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Ever dream of being an entrepreneur but need to know how to get started? The “VC Panel” at the Microsoft Imagine Cup Worldwide Finals, held in NYC last month, was a practical how-to session on starting a company, and getting funding.
The event connected student teams with investors, entrepreneurs, seasoned start-up founders, and inventors, including:
To Get Funding…Or Not, That is The Question
“Remember: The VCs get to choose to keep you as CEO, or fire you.” Stan Vonog, entrepreneur.
Venture Capital is something many entrepreneurs seek immediately after founding a company, or coming up with an idea. Stan Vonog, an entrepreneur on the panel who is pro VC money, said to approach the funding like a long-term relationship. “Trust your gut…Spend a lot of time with the VCs—you need to trust them. You need to make sure that you do the due diligence and understand their DNA.” Having investors who truly understand the space your company is in, and are similar to you as people, will improve your chances of a good investor-entrepreneur relationship.
Oliver Hurst-Hiller said, “VC is the last place you want to go. If you need money, take it from your account, family friends. Why? Because they will dilute you.” In Oliver’s opinion, getting as far along with the company first—before getting funding—increases your leverage as a CEO and founder when approaching VCs. Dean Kamen seconded this. Oliver said, “A good VC will become fans of your business, fuel your success. This is more important than the capital.”
Dean Kamen, said, “I thought I would be a contrarian but I violently agree with what they have said.” Dean said that people are the most important thing in any startup, and he reminded the audience that part of starting a company means embracing failure, and change. “The product you start with will not be the end product. It is the iterative process. You will fail; you will fail again…until you succeed. After 5-10 years, you will be an instant, overnight success.”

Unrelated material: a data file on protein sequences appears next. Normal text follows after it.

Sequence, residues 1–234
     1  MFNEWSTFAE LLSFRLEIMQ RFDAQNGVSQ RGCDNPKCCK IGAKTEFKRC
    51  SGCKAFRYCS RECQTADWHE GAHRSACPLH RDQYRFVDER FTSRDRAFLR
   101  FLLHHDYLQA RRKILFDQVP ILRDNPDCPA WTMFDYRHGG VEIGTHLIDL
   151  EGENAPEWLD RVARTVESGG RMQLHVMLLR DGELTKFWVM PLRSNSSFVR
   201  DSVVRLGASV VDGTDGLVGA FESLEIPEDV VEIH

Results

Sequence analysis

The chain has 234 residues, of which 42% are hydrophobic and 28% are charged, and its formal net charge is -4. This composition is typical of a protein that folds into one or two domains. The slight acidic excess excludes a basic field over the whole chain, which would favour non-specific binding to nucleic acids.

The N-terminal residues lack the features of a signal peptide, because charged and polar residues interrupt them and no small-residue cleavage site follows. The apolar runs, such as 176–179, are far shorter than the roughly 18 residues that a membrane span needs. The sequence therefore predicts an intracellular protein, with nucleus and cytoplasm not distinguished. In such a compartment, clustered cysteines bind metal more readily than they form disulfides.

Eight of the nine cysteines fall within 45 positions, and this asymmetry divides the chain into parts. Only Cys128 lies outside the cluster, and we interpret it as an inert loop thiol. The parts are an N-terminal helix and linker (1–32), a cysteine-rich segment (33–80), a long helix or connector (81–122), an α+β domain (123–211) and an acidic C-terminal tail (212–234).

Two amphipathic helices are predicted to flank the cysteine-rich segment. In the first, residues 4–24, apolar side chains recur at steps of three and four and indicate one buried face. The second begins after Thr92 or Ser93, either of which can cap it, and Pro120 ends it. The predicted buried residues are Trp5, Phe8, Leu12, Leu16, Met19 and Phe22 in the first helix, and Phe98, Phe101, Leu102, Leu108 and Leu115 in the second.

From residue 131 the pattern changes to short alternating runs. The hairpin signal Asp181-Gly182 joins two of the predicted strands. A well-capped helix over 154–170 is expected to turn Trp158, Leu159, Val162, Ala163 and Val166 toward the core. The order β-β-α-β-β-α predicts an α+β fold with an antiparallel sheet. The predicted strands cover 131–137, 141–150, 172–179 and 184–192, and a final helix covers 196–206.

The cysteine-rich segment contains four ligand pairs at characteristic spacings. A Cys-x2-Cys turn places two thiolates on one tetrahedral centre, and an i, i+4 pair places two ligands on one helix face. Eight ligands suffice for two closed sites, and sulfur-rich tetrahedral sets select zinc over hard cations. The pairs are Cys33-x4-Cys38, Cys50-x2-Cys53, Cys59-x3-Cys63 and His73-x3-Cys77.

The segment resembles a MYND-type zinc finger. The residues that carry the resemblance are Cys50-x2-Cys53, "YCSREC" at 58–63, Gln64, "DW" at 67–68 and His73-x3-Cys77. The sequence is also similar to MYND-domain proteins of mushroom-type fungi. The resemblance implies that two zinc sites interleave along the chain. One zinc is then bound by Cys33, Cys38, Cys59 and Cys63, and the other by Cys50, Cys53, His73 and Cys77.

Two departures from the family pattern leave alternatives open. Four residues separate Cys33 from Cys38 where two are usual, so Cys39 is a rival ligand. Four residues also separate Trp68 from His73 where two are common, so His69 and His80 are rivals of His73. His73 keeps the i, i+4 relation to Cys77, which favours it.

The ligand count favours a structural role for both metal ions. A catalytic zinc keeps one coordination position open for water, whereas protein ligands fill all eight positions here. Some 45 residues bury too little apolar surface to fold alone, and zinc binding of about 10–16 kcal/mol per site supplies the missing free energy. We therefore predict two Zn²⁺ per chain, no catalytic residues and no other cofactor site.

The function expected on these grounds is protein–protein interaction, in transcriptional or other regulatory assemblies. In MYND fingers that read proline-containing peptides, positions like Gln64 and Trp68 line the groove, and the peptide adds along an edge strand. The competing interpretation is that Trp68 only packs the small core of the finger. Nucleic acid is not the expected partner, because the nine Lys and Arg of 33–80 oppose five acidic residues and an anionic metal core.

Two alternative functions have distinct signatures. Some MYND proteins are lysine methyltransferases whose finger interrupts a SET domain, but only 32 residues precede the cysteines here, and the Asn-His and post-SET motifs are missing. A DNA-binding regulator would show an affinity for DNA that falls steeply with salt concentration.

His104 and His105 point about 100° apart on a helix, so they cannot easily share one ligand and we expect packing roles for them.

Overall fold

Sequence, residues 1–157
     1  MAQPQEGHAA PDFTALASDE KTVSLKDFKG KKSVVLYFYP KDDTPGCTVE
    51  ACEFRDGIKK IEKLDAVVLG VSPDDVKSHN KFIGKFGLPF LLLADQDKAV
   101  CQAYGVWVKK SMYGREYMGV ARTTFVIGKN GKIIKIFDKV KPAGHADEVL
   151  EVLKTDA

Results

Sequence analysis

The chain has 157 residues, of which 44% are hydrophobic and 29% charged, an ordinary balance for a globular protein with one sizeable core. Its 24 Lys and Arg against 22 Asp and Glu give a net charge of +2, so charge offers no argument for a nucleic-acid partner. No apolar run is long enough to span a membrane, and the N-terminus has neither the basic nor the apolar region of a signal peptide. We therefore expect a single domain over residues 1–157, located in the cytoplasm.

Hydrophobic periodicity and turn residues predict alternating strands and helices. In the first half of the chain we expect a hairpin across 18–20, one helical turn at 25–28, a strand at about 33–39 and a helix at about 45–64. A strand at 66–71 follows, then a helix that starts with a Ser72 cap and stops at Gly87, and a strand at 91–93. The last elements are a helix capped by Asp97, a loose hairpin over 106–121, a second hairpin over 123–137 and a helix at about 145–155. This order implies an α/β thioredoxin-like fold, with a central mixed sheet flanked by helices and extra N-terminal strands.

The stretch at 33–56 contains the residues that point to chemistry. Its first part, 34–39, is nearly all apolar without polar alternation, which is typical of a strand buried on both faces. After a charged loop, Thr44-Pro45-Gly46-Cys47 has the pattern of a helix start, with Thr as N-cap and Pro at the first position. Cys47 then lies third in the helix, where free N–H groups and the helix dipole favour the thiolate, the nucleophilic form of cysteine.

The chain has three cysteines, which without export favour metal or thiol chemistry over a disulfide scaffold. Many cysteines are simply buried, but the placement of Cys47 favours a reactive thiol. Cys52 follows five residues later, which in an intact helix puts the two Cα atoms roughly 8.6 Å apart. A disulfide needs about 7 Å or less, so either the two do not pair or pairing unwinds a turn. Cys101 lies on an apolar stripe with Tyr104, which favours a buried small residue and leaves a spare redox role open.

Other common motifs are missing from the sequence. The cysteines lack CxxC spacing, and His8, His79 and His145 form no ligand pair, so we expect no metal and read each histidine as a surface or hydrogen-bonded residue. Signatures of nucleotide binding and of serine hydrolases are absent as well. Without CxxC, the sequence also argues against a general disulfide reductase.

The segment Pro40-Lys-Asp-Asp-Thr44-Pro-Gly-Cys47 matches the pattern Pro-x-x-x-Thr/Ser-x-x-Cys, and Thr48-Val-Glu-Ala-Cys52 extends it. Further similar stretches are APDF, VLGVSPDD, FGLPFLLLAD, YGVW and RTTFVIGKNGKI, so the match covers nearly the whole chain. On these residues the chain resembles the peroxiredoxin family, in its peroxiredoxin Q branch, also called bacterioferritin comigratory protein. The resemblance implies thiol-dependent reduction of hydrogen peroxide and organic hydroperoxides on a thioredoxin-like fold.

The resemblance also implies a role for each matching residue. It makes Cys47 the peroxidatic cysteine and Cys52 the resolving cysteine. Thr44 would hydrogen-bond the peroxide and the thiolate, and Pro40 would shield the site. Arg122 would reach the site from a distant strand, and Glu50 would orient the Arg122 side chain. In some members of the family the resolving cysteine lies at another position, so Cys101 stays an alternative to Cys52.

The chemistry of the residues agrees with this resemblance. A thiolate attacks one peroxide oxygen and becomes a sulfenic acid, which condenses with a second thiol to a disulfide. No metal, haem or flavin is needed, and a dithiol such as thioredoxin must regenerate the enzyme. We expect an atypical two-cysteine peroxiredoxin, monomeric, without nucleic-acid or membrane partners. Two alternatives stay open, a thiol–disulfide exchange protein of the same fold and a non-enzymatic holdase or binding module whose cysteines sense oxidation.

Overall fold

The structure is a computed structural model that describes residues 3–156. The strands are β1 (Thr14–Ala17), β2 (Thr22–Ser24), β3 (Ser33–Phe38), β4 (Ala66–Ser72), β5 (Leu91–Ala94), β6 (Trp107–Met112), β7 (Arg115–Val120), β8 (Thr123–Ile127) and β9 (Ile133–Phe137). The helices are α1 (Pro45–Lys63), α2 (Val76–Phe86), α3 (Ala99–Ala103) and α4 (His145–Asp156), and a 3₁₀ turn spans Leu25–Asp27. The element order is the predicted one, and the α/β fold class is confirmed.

While the audience laughed, the panel nodded their heads in agreement.
Dean Kamen said, “The last person you will want to go to is the VC. This is the last! The more you get done, eliminate failures on your one, the more value, the more control you will get to maintain. They decide if you get the money and get to keep your job. If you want the VC to take the first pain, the VCs deserve to take the bulk of the risk. If you don’t work harder, more of your time and risk then you would have in any other situation, then you are drinking the kool-aid and myths of this world about entrepreneurs.”
What do VCs Look At?
Joy Marcus said the questions she always asks are, “Could it scale? How big can it be? What is the total market size? The next thing we look at is the people. I meet a lot of entrepreneurs, and know within 60 seconds if this will move forward based on people.” She said they look at product, pricing and how could it make money.
Joy Marcus said that most VCs are not interested in the “fast buck” or entrepreneurs that clearly are doing this for the money. They want someone who is very passionate about what they are doing and will stick with it during the down times.
Dean Kamen reiterated that creating the value should be the goal in the mind. “Think about a big problem and solve it. Financial reward should be a result of the great project but not the cause of it.” Kamen, who is excited about three non-profits (clean water non-profit for 6B people around the world; electricity to the 2.5B people that do not have electricity; teach children around the world abut science and technology), stressed that being passionate about your subject is what keeps you going.